Don’t Hurt People and Don’t Take Their Stuff: A Libertarian Manifesto by Matt Kibbe

Don't Hurt People and Don't Take Their Stuff: A Libertarian ManifestoDon’t Hurt People and Don’t Take Their Stuff: A Libertarian Manifesto

by Matt Kibbe

Hardcover, 272 pg.
William Morrow, 2014
Read: June 19 – 20, 2014

FreedomWorks’ Matt Kibbe has produced a very accessible, very readable libertarian manifesto. A rallying cry for a grassroots movement of concerned citizens. He focuses on 6 Rules for Liberty, emphasizing 1 & 2:

Rules for Liberty:
1. Don’t hurt people.
2. Don’t take people’s stuff.
3. Take Responsibility.
4. Work for it.
5. Mind your own business.
6. Fight the power.

With these as a starting point, he critiques many aspects of the U. S. Government (current and recent administrations of both parties) as it currently operates. Kibbe is positive about (a few) politicians on both sides of the aisle, but he’s mostly negative about the overwhelming majority. Sure, he’s more positive about Liberty-leaning Republicans than anyone else currently in Washington, but at the end of the day, he wants to replace both parties.

Compared to a lot of Libertarian/Libertarian-ish books that I’ve read, this is pretty light reading. He jokes, he drops pop culture references, he’s not all that cranky, he writes with conviction and hope. He drops lines like:

Music and freedom just seem to go together, just like the word “bacon” belongs in any sentence that includes the phrase “proper meal.” I can’t prove it, but you just know that it’s true.

One chapter features a simulated round table between Sen. Rand Paul, Sen. Mike Lee, Sen. Ted Cruz, Rep. Justin Amash, Rep Thomas Massie, and Rep. David Schweikert — based on interviews he conducted with each individually. Yes, a real round table would’ve been better, but this was probably easier to pull off. But seeing the way that these men were similar, yet distinct, was good to see. Kibbe’s not promoting a monolithic libertarian view, there’s room for differences based on a shared commitment to the 6 Rules.

It seems so strange that a book on politics is as dependent on a classic rock album (Rush’s 2112, which I should really try to listen to one day) as one of my favorite SF novels of recent years, but — hey, it works. I don’t think this book will convince anyone to become a Libertarian. But it does present a case for the philosophy, it will serve as a good introduction for those who are curious. In contrast to many of his peers — who come across as cranks or kooks — Kibbe comes across as someone with conviction, someone of principle, while still remaining rational.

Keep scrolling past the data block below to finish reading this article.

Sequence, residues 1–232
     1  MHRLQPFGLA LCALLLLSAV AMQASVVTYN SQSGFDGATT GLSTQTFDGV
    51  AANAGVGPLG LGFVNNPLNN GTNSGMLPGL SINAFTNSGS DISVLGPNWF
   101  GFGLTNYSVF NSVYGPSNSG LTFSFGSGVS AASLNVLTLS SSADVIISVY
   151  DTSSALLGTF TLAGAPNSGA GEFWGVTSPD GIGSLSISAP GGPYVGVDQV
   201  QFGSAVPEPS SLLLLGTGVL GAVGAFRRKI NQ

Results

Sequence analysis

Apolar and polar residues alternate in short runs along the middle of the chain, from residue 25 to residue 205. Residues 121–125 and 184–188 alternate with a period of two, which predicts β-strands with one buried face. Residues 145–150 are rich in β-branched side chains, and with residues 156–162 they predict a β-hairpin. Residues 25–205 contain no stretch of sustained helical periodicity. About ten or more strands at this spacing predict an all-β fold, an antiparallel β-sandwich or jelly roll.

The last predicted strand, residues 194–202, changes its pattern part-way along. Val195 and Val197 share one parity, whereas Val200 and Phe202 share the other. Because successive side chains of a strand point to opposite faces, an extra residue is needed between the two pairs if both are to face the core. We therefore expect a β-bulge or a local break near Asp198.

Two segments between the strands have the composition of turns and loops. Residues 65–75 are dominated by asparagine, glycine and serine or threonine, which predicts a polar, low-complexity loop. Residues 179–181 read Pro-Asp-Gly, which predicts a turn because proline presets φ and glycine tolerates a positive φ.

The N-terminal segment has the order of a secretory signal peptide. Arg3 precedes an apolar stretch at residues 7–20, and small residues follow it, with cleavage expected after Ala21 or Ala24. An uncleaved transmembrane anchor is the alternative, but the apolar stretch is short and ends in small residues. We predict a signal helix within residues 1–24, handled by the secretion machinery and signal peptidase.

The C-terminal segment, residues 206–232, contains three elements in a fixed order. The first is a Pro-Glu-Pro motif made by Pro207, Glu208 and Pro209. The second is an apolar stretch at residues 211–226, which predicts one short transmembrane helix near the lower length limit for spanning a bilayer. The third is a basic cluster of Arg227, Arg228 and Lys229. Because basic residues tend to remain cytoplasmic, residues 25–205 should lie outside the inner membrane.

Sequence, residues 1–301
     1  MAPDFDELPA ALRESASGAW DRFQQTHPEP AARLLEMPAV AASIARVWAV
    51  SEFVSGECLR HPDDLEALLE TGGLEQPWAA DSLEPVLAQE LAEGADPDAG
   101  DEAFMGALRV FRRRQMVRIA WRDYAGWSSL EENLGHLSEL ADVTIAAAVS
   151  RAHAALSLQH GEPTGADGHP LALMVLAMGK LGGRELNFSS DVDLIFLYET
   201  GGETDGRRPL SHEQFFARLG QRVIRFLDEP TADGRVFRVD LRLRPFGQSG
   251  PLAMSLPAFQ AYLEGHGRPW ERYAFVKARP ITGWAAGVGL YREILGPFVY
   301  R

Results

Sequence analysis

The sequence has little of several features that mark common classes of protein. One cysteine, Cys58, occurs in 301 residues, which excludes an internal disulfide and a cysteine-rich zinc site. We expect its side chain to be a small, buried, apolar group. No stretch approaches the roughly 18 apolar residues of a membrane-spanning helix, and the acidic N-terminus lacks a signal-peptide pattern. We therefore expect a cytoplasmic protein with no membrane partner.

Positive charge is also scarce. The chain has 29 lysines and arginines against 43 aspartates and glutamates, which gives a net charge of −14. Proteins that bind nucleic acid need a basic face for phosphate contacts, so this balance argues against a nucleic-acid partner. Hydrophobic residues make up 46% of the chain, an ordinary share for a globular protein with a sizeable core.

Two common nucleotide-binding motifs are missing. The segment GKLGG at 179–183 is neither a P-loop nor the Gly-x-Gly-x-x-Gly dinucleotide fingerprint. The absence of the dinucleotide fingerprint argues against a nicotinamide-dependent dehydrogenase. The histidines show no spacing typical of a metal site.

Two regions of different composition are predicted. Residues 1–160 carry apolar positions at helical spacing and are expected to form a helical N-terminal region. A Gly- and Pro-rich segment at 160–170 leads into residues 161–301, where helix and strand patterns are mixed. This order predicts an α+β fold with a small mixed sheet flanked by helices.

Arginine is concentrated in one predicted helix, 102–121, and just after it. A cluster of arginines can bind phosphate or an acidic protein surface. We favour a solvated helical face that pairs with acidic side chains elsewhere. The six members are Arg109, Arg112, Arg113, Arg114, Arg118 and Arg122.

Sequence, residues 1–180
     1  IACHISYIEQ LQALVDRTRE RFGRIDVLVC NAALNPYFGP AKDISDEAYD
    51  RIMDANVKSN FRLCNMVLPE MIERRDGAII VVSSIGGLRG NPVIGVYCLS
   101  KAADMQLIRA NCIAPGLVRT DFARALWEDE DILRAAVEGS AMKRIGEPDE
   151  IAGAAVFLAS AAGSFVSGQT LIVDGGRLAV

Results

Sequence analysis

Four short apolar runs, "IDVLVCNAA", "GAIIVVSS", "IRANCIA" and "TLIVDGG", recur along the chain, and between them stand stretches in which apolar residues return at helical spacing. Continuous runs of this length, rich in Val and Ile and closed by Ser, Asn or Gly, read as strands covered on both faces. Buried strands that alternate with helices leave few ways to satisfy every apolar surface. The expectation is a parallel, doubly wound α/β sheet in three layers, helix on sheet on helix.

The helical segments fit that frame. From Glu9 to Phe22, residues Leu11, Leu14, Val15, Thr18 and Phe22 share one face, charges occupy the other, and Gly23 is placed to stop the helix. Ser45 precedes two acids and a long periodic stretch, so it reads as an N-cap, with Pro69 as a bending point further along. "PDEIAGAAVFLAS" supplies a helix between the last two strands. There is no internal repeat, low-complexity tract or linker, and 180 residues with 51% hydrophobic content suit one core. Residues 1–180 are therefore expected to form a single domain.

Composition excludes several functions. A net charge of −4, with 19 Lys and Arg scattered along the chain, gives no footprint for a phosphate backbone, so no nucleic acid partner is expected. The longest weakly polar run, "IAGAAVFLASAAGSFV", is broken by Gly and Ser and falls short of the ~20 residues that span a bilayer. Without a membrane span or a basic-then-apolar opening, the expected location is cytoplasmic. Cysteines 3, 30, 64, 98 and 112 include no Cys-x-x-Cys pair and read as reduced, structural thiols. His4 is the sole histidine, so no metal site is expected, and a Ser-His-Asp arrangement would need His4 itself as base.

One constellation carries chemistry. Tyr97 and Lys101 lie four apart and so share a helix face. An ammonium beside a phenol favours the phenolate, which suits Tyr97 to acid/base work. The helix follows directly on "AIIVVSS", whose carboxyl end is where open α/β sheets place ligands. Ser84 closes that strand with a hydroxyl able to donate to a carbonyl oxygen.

I remember debating Chris Matthews, the guy on MSNBC’s Hardball, once at an event in Aspen. I was making a (surely profound) point, and Matthews abruptly interrupted. He does that. “I know, I know,” he said. “I read Ayn Rand in high school. I used to believe that stuff, too, but then I grew up.” Maybe he didn’t know he was parroting his favorite president, Barack Obama.
I’ve heard this so many times. I’m sure you have, too. . . Grow up. Play ball. Get in line.
Well, I don’t want to “grow up.” I don’t want to if growing up means abandoning the principle that individuals matter, that you shouldn’t hurt people or take their stuff. I don’t want to give up on values that have gotten me down the road of life this far. I won’t “grow up,” if that means not seeking ideals, taking chances, and taking responsibility for my own failures. I don’t want to compromise, at least not on the things that really matter. I don’t want to split the difference on someone else’s bad idea, and then pat myself on the back for “getting something done.”
I have no plans to fall in line.
I do the best that I can, and I belong to a community of many millions of people who seem to agree with me on the things that really matter.

—–

4 Stars

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